…hopping down the bunny trail

This past Sunday was Palm Sunday. While out walking I passed a group of six or seven year olds having a sword fight with the fronds they had received at church that morning. I smiled as I watched the musketeers battle, but later, when ruminating on my day the incident actually made me laugh because I  started thinking  how my grandmother would have reacted  to the duel.

I had a very Irish grandmother.  Maude, like many widows her age,  was devout and had strict standards of propriety.  She believed in Continue reading “…hopping down the bunny trail”

Figuratively Speaking

“A creative writing teacher at San Jose State used to say about clichés: Avoid them like the plague. Then he’d laugh at his own joke.” – Khaled Hosseini (The Kite Runner)

The English language can be difficult to master. Those learning to speak it as a second language find its vagaries more like a mine field than a walk in the park. Effective communication requires a mastery of grammar and pronunciation as well as the acquisition of a large vocabulary. The sheer number of words in the English language can boggle the mind. Add to that the need to know verb variations and tense as well as mastery of slang and colloquialisms, and you’ll have yourself a real kettle of fish. But the straw that breaks the camel’s back Continue reading “Figuratively Speaking”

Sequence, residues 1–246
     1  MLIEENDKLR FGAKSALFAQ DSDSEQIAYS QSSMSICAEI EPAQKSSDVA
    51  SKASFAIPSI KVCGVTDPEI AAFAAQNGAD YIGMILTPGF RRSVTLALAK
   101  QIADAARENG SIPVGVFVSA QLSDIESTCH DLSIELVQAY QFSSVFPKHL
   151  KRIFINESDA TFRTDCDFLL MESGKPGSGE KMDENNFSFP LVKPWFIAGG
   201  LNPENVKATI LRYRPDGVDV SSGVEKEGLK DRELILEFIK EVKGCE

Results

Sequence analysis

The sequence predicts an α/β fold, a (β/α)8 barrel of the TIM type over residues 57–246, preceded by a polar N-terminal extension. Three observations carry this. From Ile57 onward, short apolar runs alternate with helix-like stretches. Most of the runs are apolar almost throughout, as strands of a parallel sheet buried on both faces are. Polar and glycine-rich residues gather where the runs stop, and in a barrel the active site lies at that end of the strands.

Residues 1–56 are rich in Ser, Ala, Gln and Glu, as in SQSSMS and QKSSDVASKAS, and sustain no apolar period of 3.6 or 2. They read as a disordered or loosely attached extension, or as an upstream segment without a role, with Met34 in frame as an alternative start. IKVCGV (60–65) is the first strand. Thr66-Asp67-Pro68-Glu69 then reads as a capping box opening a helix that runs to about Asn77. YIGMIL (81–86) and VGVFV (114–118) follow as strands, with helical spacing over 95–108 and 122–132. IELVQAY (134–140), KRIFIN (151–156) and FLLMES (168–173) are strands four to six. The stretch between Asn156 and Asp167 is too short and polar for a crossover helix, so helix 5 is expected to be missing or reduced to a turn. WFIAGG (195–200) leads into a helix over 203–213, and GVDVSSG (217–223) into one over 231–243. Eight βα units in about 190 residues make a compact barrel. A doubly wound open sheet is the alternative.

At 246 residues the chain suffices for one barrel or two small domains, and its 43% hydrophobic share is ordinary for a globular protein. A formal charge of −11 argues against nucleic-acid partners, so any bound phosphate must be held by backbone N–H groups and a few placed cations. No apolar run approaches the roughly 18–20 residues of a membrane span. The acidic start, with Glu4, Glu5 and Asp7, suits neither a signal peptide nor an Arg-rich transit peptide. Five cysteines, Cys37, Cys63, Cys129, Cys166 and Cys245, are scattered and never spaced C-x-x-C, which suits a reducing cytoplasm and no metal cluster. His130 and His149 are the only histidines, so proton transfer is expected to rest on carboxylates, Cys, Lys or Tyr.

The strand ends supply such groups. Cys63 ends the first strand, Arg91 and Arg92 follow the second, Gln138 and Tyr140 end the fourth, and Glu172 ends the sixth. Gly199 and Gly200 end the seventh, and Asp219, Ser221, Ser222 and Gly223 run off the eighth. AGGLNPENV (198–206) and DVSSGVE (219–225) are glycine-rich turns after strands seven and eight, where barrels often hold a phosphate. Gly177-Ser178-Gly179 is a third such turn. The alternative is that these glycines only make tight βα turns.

But Is It Politically Correct?

“The notion of political correctness declares certain topics, certain expressions, even certain gestures, off-limits. What began as a crusade for civility has soured into a cause of conflict and even censorship.” – George Bush

My ruminations meander today because their scope is so broad. My thoughts regarding political correctness began simply enough. I was working on an assignment that explored the origins of Indian pudding. As I read through my notes, I stopped when I came to the expression Indian summer. Back in the day, we were taught that Indian summer referred to a warm spell that followed the first frost of autumn. I never for a moment considered it might be offensive to Native Americans, and thought it was a lovely way to describe the final flush Continue reading “But Is It Politically Correct?”